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Published February 23, 2011
Streamflow Forecast(for spring and summer)
Data Source(s): National Water and Climate Center
The spring–summer streamflow forecast for the Southwest, issued on February 1, shows below-average flows for basins in the Mogollon Rim region of Arizona and New Mexico basins and near- to above-average flows for most of the Upper Colorado River Basin (Figure 12). Widespread and intense storms that drenched California, northwest Arizona, and Utah in mid-December have contributed to an optimistic spring streamflow forecast for the Colorado River Basin. The dry southern regions of Arizona and New Mexico reflect the influence of La Niña events, which often deflect the storms north. In January, most of New Mexico and Arizona received scant precipitation; it was the driest January on record for New Mexico, according to the NOAA-Climate Prediction Center.
The most current forecast for Arizona suggests a 50 percent chance that inflow to Lake Powell will be about 113 percent of the 1971–2000 average for April–July, or 9 million acre-feet, which is a slight decrease from the forecast issued on January 1. Forecasts for the Salt River and Upper Gila, on the other hand, call for very low probabilities that flows will be near average. Forecasts indicated only a 30 percent chance that streamflow in the Salt and Upper Gila rivers during the February–May period will be equal to or greater than about 50 and 37 percent of average, respectively.
In New Mexico, the February 1 forecast shows the majority of the state on pace for a below-average runoff season. The only average or above-average forecast is for the San Juan River Basin; this forecast reflects the above-average snowpack in northern New Mexico, southern Colorado, and the Upper Rio Grande. Streamflow forecasts decline south of these basins due to lower-than-average snowpack in these areas. However, it is still early in the snow season and conditions could change rapidly.Notes:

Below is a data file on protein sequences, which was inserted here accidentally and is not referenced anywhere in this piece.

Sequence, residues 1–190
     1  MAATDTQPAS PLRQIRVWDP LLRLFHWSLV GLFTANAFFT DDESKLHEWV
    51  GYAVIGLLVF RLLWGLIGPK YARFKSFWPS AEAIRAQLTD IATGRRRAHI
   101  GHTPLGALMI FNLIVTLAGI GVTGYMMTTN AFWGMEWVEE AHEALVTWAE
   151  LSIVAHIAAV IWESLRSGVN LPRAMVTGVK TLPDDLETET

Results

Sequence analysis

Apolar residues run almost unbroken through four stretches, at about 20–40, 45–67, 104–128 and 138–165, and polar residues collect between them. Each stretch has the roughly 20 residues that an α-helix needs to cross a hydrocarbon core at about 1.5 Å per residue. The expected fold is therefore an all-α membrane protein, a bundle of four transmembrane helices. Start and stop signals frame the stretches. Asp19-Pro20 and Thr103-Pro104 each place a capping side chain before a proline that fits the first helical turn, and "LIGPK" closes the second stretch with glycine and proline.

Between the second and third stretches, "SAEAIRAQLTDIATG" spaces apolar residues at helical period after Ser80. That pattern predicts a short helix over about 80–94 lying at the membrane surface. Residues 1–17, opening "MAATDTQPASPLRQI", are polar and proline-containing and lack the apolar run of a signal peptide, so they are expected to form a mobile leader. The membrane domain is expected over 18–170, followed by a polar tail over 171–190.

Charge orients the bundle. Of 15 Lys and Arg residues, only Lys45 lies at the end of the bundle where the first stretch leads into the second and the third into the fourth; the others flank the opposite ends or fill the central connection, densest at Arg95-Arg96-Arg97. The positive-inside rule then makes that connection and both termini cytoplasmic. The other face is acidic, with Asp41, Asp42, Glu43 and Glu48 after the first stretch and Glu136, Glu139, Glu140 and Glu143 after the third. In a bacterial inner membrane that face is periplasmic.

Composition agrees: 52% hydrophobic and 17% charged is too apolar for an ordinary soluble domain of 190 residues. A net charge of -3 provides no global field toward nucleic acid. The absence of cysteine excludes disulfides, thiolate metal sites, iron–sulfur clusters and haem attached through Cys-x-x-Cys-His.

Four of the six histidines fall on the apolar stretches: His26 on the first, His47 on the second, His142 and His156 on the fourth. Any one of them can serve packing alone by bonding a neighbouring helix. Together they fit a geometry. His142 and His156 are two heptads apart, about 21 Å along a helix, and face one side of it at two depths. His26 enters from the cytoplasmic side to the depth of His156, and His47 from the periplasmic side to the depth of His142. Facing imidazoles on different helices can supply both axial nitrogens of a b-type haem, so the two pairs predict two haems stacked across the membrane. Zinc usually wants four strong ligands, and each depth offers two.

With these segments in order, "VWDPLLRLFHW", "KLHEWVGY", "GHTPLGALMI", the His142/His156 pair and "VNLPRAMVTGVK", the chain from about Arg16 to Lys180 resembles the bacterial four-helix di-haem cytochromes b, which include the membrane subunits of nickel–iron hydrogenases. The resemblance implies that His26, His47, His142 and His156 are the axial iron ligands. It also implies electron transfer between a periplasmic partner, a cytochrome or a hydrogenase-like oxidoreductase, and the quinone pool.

Water supply forecasts for the Southwest are coordinated between the National Water and Climate Center, part of the U.S. Department of Agriculture’s Natural Resources Conservation Service (NRCS), and the Colorado Basin River Forecast Center (CBRFC), part of NOAA. The forecast information provided in Figure 12 is updated monthly by the NWCC. Unless otherwise specified, all streamflow forecasts are for streamflow volumes that would occur naturally without any upstream influences, such as reservoirs and diversions. The coordinated forecasts by NRCS and NOAA are only produces for Arizona between February and April, and for New Mexico between February and May.
The NRCS provides a range of forecasts expressed in terms of percent of average streamflow for various exceedance levels. The forecast presented here is for the 50 percent exceedance level, and is referred to as the most probable streamflow. This means there is at least a 50 percent chance that streamflow will occur at the percent of average shown in Figure 12. The CBRFC provides a range of streamflow forecasts in the Colorado Basin ranging from short fused flood forecasts to longer range water supply forecasts. The water supply forecasts are coordinated monthly with NWCC.
For state river basin streamflow probability charts, visit:
For information on interpreting streamflow forecasts, visit:
For western U.S. water supply outlooks, visit:
Southwest Climate Outlook Staff
- Michael Crimmins, UA Extension Specialist
- Stephanie Doster, Institute of the Environment Editor
- Gregg Garfin, Founding Editor, Institute of the Environment
- Zack Guido, Managing Editor, CLIMAS Associate Staff Scientist
- Nancy J. Selover, Arizona State Climatologist
- Jessica Dollin, CLIMAS Publications Assistant
- Dave Dubious, New Mexico State Climatologist
Please direct your Southwest Climate Outlook comments and suggestions to Zack Guido.
The CLIMAS Web site contains official and non-official forecasts, as well as other information. While we make every effort to verify this information, please understand that we do not warrant the accuracy of any of these materials.... Read full disclaimer